There are different ways to go about selecting and contacting recommenders, but I always opt for the most courteous/thoughtful and organized path. (Good manners will take you far in this life–seriously!)
Select your recommenders based on A) how well they know you, your work, and work ethic; B) the time lapse in your communication; and C) their disposition towards you.
- Make a list of 3-5 recommenders. It’s possible to have more than 3 recommenders write for you. I don’t mean sending 4 letters to schools that have a 3-letter limit, but that 2 recommenders might write for all 8 schools, while 2 other recommenders write 4 each based on their affiliation as alumni, colleagues, visiting scholars, etc.
- If you don’t think a recommender will remember you right off the bat, be ready to refresh his memory. “Hi Dr. X, I was in your CW200 class in fall of 2009. You had a great lecture about Y, and we wrote these pieces based on Z. I still have that project and my notes.”
- Choose someone who not only knows you, but holds you in high regard. Don’t choose anyone (if you have a choice) who has antagonized you, or doesn’t think your pursuit is worthwhile.
The first contact should be early on, but not too early. If you contact recommenders 6 months out, they won’t remember to write it five months later. Make a cordial, no-pressure point of contact sometime in the fall. This is a request, and recommenders have the option of saying no, so approach with care. *Try not to email a request while simultaneously attaching all your CV and school info since that could be presumptuous.
- If you’re still in school or freshly graduated, take your prospective recommender out for coffee or meet him in office hours. Let him know what you plan to do, and tell him why he’d be a great recommender.
- If you’ve been out of school for a long time, call then email. Calling may seem awkward, but it’s more formal than an email, and making your recommender hear your human voice may incline her to help you. Touch base and let her know you’ll email your CV, list of schools, a piece of writing from her class, and submission information a month before deadlines. (If no one picks up, leave a message and send an email laying out your request.)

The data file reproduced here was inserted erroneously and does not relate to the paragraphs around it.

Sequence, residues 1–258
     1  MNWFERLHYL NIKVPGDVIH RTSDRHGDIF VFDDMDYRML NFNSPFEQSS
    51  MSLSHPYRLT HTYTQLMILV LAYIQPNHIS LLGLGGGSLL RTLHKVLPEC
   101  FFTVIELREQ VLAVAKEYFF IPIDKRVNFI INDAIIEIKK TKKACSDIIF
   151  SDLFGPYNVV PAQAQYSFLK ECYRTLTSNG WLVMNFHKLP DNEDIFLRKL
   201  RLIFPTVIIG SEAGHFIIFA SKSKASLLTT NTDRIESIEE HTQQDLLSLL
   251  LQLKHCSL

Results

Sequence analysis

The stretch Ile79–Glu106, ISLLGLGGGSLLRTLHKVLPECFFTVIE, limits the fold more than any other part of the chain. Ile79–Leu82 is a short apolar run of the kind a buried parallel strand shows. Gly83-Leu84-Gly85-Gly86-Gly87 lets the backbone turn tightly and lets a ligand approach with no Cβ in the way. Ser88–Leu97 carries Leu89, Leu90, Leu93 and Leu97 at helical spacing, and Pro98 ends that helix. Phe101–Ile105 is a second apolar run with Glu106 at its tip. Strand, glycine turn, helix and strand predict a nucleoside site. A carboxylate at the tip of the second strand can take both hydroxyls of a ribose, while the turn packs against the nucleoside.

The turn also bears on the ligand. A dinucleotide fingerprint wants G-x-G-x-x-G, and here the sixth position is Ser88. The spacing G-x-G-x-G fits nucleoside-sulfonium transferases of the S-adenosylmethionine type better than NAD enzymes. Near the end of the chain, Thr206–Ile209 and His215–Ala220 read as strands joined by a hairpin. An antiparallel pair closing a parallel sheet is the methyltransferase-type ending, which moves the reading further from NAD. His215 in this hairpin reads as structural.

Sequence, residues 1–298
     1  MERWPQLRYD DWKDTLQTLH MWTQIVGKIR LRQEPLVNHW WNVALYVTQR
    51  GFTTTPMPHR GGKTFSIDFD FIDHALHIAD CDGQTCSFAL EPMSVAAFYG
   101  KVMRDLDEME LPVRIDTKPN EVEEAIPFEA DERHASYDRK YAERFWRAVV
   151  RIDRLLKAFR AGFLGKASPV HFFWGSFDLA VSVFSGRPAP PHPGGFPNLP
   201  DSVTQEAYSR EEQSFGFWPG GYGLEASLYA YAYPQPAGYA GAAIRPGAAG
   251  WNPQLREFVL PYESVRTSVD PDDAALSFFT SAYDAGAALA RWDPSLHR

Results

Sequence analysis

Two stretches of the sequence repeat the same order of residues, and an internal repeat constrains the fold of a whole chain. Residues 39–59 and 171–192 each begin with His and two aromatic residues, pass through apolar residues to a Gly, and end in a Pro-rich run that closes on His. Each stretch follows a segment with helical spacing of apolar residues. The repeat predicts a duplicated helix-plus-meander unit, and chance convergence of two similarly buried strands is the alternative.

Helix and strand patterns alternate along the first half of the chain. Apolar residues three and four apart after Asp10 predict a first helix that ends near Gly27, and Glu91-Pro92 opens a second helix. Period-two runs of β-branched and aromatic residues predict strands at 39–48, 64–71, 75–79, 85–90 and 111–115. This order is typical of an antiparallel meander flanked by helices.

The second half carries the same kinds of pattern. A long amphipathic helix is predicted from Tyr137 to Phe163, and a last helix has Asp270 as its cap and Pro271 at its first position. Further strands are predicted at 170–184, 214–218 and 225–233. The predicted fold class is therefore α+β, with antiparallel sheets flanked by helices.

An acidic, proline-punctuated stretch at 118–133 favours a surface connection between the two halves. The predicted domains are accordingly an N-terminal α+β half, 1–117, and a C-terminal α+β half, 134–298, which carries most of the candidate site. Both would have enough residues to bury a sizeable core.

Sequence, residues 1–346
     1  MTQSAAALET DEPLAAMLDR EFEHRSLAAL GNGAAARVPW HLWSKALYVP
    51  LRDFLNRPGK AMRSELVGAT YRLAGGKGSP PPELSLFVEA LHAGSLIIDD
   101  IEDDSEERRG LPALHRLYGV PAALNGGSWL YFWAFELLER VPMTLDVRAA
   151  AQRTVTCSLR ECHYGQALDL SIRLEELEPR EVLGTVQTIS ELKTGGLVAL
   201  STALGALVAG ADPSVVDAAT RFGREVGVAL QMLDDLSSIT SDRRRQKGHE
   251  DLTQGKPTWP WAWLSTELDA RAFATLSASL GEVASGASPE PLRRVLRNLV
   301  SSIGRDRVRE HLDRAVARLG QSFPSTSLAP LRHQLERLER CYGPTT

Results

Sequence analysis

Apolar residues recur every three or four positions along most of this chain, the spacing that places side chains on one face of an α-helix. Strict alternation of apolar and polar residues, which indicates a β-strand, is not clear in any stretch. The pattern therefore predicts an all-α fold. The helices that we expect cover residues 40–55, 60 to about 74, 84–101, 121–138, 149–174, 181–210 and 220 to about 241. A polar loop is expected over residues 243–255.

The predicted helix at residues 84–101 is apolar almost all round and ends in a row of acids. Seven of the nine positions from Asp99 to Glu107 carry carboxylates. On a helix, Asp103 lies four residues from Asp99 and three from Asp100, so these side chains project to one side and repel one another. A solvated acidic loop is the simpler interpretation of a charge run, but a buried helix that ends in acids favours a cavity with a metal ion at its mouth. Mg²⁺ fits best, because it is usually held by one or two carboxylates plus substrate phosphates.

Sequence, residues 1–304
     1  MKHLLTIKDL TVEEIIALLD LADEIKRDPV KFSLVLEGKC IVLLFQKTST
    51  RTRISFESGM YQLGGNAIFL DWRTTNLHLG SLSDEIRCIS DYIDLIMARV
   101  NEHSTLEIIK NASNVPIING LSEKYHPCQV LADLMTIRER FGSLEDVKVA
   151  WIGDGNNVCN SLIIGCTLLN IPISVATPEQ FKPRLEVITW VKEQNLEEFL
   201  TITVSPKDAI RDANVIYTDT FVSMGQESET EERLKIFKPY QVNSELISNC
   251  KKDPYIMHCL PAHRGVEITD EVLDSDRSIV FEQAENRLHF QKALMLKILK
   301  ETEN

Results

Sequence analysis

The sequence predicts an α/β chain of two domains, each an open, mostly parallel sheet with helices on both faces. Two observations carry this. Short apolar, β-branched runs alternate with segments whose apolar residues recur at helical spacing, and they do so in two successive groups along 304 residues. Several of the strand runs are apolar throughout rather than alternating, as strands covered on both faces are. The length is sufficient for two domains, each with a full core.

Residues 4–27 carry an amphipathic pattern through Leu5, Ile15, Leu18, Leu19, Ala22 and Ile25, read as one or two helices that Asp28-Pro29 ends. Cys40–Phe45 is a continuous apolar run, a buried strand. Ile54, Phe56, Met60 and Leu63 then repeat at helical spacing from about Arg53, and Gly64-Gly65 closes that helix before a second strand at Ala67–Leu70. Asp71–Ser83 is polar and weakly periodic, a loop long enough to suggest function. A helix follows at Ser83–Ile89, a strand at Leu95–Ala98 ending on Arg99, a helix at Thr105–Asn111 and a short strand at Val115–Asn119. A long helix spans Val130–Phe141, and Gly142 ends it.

- If you’ve never taken a creative writing course, and/or it’s been ages since you’ve been in school, you can request a recommendation from someone at work (boss, supervisor, project leader). This person should understand how you’d be an asset to a writing program where you’ll be in numerous group situations (e.g., grad classes, editorial work, teaching). Take or audit a creative writing class at a community college or nonprofit center, and request a letter from the lecturer or workshop leader. This doubles as a great way to familiarize yourself with the workshop process.
Fully detailed emails should be sent out 1 month before your soft deadline, which should be set at about 2 weeks before the hard deadline. (If your deadline is Dec. 1, then work to get your letters in the 3rd week of Nov. in case of emergencies.) Make this form email very organized and user-friendly. And include your phone number in case you have a non-computer savvy recommender. *Avoid mass emailing; personalize everything.
- Requesting a letter without enough of a time cushion could negatively impact the quality of that recommendation. Make sure that you give your recommenders about 1 month to think, plan, draft, (procrastinate) and submit. Include your CV, short work sample, school list, uploading instructions.
Gentle reminders should be sent 1-2 weeks before your soft deadline to those who have not yet uploaded letters. Check the school websites to see who has submitted and who hasn’t.
- If you receive no response, then contact a back-up recommender. This may be a more distant professor, or work supervisor. Let the new recommender know your circumstances, and then provide all the necessary information and deadlines if she agrees to write a letter. There are definitely no-show recommenders who just drop the ball completely, though some schools are a bit more lenient than others about timely letters.
Thank recommenders for their thought, work, and punctuality by writing a card or sending a small gift. In the past, I have given recommenders cards, wine, tea, chocolate, a scarf, and a small vase. And as a recommender, I have received letters, coffee/tea, and a beautiful leather journal that I still use. Small gifts are not required, but they make a big difference. And you never know, you might need another recommendation a few years down the road.